Book Review – The Grace of Kings by Ken Liu

The Grace of Kings by Ken Liu

The Grace of Kings by Ken Liu

The blurb says:

Two men rebel together against tyranny—and then become rivals—in this first sweeping book of an epic fantasy series from Ken Liu, recipient of Hugo, Nebula, and World Fantasy awards.

Wily, charming Kuni Garu, a bandit, and stern, fearless Mata Zyndu, the son of a deposed duke, seem like polar opposites. Yet, in the uprising against the emperor, the two quickly become the best of friends after a series of adventures fighting against vast conscripted armies, silk-draped airships, and shapeshifting gods. Once the emperor has been overthrown, however, they each find themselves the leader of separate factions—two sides with very different ideas about how the world should be run and the meaning of justice.

The fact that this is a fantasy based on Chinese history and legends reminded me of Long Price Quartet, but there really isn’t that much similarity.

For a long time in this book I wondered who the main character was, because there are a lot of point-of view characters.  Sometimes new points of view are added, often they die and sometimes this all happens in the same chapter.  After a good portion of the book I concluded that there was no main character and that this was more of a concept book than a character book.  Then later in the book the points of view got fewer and it became clear that there were two main characters and then it came down to one.  I don’t really mind the author playing with the points of view etc. but I don’t think the book was helped by it being unclear what kind of story it was.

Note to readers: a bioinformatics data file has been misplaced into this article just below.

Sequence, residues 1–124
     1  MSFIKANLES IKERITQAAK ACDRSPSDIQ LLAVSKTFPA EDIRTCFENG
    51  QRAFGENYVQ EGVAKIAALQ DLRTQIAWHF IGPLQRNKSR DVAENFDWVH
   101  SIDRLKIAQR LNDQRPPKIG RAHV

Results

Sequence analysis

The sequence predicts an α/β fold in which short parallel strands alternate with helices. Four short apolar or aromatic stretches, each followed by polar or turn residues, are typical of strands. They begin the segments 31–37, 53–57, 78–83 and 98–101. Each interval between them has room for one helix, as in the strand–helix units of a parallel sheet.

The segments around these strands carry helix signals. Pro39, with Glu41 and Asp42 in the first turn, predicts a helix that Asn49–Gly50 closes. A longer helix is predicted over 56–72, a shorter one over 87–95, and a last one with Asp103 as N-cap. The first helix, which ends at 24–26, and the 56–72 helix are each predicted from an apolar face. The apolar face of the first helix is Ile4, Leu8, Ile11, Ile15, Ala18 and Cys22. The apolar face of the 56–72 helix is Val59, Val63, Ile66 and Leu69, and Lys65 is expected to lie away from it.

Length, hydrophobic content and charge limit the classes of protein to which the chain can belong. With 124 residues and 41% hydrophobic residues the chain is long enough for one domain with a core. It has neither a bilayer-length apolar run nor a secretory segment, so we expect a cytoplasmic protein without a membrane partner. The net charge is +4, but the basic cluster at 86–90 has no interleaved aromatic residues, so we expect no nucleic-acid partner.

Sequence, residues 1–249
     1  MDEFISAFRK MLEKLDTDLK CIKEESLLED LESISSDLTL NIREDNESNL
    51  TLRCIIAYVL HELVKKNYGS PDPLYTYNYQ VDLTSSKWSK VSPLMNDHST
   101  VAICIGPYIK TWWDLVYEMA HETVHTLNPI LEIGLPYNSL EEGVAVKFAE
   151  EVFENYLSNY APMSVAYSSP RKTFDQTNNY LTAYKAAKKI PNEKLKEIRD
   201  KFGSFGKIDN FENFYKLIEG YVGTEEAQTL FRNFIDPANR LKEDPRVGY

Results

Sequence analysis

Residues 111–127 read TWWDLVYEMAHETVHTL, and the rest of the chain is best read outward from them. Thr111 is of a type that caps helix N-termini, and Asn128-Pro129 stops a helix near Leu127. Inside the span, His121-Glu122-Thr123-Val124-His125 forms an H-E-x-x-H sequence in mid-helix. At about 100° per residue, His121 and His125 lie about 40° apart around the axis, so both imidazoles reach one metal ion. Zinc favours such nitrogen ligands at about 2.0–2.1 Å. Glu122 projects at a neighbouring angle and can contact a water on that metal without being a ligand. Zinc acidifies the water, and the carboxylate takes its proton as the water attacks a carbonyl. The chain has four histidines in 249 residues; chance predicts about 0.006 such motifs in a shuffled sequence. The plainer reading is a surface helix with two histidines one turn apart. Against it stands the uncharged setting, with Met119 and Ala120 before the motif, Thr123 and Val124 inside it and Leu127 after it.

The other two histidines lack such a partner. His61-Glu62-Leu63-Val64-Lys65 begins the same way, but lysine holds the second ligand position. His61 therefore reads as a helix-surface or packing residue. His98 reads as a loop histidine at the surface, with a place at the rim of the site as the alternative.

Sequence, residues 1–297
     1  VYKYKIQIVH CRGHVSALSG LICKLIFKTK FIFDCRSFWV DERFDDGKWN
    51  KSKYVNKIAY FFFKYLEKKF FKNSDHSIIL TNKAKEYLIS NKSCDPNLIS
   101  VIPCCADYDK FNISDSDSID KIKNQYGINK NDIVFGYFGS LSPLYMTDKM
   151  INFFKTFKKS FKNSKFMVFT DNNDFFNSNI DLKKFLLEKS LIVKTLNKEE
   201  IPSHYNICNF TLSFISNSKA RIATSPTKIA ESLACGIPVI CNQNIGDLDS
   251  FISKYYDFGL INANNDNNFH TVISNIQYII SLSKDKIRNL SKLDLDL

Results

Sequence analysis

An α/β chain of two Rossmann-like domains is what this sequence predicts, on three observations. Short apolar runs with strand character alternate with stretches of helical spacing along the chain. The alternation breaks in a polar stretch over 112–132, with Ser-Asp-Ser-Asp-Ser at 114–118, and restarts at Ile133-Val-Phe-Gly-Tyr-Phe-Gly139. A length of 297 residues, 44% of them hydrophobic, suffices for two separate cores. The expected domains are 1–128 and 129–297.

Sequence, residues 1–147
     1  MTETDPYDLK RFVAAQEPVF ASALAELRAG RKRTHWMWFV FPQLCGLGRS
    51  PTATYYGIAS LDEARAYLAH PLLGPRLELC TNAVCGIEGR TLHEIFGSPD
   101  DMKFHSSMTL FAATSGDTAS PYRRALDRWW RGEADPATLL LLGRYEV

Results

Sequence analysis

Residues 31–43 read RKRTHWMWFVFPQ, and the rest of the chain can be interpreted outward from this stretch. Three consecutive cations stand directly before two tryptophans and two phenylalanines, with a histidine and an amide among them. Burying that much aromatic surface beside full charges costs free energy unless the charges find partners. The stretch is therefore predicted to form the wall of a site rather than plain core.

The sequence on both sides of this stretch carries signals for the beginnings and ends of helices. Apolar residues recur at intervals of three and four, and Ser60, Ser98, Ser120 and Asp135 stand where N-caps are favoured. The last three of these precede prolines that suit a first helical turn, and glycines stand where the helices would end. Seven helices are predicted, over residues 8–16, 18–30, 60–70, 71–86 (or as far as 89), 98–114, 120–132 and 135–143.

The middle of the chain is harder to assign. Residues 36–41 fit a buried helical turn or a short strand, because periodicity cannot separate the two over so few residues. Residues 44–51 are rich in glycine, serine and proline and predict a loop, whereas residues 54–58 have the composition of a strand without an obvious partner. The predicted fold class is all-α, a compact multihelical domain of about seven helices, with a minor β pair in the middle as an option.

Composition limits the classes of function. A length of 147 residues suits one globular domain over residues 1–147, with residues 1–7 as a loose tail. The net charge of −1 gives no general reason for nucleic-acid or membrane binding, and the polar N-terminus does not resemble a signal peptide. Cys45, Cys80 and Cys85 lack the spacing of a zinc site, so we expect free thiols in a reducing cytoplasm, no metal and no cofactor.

Along with the large number of points-of-view, the many unfamiliar names made it difficult at times to know what was going on.

Somewhere in the middle of the book when I had concluded that this was a concept book, I thought I’d figured out what the concept was.  Then when at the end of the book it became clear that this was a more conventional story about the one character it was a bit of a letdown because the concept ending I’d imagined was better.

Speaking of the ending, although a huge amount of stuff happens in the book and everything is wrapped up pretty neatly, it did leave the door open for the rest of the books in the series, which made wonder anew as to what the arc of the story is supposed to be.